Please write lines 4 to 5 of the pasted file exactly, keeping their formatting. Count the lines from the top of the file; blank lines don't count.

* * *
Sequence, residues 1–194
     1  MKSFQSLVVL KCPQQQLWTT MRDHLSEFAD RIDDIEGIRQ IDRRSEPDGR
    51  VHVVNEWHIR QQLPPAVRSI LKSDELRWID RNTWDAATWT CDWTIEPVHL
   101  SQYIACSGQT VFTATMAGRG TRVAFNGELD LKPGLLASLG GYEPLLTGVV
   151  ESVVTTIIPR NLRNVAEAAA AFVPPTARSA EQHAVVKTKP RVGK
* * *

   101  SQYIACSGQT VFTATMAGRG TRVAFNGELD LKPGLLASLG GYEPLLTGVV
   151  ESVVTTIIPR NLRNVAEAAA AFVPPTARSA EQHAVVKTKP RVGK